The Questions before redesigning a Website

Leston Sequeira

21/1/2020

The Questions before redesigning a Website

A website is the identity of an organization. It shows the credibility of your business and what you have to offer to the customers. Basically without a good website, sustaining in the industry is very difficult. In short you can call it the eye candy for business, the more presentable the website is, the more reliable it seems to be. The customer would have the belief that if you are able to show yourself as a worthy competitor in the market, you will be able to deliver it as well ( jo dikhta hai woh bikhta hai) So the appearance is just one of the factors to making a good website. We shall tell you more about it in detail. If you are having thoughts about redesigning your website, there might b e a few reasons behind it If your small business’s website is not gaining traffic, actively engaging customers, or targeting the right personas, it might be time for a redesign. This is particularly true if your site’s been online for more than a year and isn’t updated frequently. It’s important to stay relevant—nothing screams “behind the times” like an outdated front-end website—but redesigns can be time-intensive and costly, even if you know exactly what you’re doing. These are the few things to be taken into consideration while doing it

1.When was the last time I updated my website?


This is a huge indicator of the time you’ll need to devote to a redesign. If your website hasn’t been updated in over a year, chances are you’ll be spending some serious time on content alone. The more outdated your website, the less you’ll show up in search results; that means reduced traffic, reduced exposure, reduced revenue. On the other hand, if you’re pretty diligent about content updates, you’re looking at a shorter timeline devoted to design and optimization.

2. What’s wrong with my current website?


Old layouts, images, content, resources—any outdated elements—immediately age your website in the eyes of the visitor. A bad hyperlink or a broken image can turn a hot lead sour in seconds, and outdated business info means confusion for customers and trouble for you. Make a list of all the problems with your site, then start drafting up solutions.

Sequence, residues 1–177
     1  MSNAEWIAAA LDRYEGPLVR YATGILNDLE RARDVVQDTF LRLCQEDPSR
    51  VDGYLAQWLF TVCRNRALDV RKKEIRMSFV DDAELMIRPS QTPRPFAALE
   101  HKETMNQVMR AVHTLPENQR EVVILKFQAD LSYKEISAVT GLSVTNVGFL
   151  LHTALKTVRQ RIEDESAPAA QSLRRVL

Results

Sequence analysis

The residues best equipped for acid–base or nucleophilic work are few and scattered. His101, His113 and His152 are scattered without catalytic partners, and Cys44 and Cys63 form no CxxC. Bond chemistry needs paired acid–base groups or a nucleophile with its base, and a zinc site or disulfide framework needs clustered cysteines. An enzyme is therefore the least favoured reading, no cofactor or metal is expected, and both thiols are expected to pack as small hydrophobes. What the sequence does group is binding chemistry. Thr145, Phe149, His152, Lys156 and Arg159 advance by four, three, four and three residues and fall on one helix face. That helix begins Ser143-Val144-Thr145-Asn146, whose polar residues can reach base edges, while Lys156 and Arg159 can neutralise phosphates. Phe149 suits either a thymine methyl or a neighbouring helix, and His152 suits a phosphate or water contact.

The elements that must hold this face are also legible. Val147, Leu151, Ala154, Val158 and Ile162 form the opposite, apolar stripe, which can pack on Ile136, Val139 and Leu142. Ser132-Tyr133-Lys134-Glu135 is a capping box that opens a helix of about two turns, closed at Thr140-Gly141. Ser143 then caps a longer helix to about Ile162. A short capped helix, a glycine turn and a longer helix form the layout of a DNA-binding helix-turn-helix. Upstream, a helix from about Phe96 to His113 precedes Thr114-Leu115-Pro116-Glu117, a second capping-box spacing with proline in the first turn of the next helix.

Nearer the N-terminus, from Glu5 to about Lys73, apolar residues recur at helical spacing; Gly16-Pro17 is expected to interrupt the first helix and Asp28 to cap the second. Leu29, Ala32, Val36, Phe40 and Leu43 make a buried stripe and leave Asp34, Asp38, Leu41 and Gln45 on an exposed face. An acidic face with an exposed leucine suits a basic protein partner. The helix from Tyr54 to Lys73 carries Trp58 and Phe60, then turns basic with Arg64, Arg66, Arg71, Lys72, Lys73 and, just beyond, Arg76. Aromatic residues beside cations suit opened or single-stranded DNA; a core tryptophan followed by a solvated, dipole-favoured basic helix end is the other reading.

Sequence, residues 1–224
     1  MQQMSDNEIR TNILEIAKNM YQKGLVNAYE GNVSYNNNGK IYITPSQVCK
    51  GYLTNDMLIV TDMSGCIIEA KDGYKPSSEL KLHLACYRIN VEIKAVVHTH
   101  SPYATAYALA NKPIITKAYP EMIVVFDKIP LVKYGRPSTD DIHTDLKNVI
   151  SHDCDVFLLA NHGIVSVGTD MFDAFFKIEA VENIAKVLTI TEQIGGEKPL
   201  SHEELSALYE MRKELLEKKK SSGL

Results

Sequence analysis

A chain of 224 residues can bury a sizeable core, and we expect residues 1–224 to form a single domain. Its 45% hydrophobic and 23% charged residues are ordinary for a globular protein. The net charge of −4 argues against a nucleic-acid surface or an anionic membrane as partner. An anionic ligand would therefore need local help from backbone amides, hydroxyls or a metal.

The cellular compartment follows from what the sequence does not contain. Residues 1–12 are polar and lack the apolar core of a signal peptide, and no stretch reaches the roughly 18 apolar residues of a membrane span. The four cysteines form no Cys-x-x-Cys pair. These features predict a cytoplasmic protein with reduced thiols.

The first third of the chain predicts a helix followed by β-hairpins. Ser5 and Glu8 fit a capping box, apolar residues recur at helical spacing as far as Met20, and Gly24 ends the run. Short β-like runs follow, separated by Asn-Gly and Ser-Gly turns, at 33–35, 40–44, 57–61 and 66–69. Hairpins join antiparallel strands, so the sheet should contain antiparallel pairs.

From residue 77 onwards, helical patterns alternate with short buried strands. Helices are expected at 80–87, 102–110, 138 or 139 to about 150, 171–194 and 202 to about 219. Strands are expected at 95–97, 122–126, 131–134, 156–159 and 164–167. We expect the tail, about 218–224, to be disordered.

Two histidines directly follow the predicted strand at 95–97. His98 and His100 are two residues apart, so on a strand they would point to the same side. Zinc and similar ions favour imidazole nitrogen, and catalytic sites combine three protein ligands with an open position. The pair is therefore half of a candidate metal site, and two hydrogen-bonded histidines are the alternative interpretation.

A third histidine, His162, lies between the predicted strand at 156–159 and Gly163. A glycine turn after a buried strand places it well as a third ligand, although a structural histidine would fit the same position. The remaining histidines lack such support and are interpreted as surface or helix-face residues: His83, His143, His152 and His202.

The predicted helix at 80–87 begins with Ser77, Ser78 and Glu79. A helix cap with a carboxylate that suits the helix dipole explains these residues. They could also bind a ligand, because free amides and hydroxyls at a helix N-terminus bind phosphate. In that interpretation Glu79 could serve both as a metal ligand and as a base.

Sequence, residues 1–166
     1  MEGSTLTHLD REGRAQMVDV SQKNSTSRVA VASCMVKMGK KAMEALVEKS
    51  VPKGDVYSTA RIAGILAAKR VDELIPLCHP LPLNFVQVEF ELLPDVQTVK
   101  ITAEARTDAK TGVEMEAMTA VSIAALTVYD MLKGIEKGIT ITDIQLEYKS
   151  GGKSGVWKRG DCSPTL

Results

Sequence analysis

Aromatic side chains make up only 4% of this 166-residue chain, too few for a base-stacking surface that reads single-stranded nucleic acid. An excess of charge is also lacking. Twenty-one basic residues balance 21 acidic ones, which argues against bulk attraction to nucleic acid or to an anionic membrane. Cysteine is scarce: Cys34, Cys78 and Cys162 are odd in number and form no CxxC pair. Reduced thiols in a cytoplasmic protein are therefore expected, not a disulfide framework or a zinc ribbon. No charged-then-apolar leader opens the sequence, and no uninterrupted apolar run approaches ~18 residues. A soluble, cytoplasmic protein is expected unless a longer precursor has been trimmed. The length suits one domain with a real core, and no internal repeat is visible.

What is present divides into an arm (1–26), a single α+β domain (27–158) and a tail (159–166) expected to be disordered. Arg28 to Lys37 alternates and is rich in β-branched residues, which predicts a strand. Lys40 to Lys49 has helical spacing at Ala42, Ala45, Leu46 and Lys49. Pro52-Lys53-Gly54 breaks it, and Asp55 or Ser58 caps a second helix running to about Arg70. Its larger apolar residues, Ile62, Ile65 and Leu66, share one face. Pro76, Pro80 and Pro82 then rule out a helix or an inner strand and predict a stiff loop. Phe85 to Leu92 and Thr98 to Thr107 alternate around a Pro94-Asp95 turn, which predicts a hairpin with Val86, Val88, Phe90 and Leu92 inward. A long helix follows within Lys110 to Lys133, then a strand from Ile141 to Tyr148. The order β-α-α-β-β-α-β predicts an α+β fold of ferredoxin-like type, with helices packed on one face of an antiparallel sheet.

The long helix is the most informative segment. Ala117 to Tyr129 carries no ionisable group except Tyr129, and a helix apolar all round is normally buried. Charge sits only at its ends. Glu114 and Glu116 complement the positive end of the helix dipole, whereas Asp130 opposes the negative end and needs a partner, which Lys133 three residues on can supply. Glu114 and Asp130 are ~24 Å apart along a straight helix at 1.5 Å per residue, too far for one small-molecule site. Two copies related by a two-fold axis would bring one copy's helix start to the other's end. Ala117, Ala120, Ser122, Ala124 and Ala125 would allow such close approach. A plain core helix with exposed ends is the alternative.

3. How much do I hope to accomplish?


Are you looking to revamp or rebrand? State what you’d like to achieve and be liberal with your estimates. If you have a clear strategy in mind from the get-go, you’ll gain far more from the work you put in. A simple content revamp may take hours or days, while a full rebrand could take weeks or months.

4. What do I like about other websites?


Compare your site to those of your competitors. Do they have a more modern design? A wider array of features? Simpler contact forms? You can even visit the most popular websites of different industries and see what they’re doing well. What can you take and adapt from these sites to suit your brand and vision?

5. What is my overall business goal?


Are you looking to convert leads faster? Increase traffic or purchases? Draw visitors to your physical store? It’s unlikely you’ll be able to achieve all of those without seeking out some extra help, so identify your biggest priority and do everything you can to execute on that. There are plenty of free online resources that can help you improve your site’s SEO, which is where any entrepreneur should start.

6. Have my offerings changed?


We’ve covered this a little, but it warrants repeating. If your product or service has changed at all, you must address that on your website. This is an obvious consideration for e-commerce sites, but brick & mortars often underestimate their customers’ expectations. Web visitors want their online experience to translate into their in-store experience—and if products or services are misrepresented online, you’re setting yourself up to lose business.

7. Can I analyse my website’s success?


Most web builders offer built-in analytics or integrations. This data isn’t just important to online retailers—it can help small businesses pinpoint what content is drawing traffic and where visitors are falling off most. Those insights are pivotal to not just your redesign, but your business as a whole. Visitor demographics paint a real picture of the online community that you can’t see clearly offline. Examine your data and make sure it lends to every decision you make.

8. Is my site mobile-friendly?


People expect websites to perform just as well on their smartphones as they do on their desktops. Sites that aren’t mobile-optimized are asking for extinction these days—they handle poorly, load slowly, and look awful on most screens. Developing a clean, user-forward, mobile-friendly site should be your chief priority if you’re setting out to redesign anyway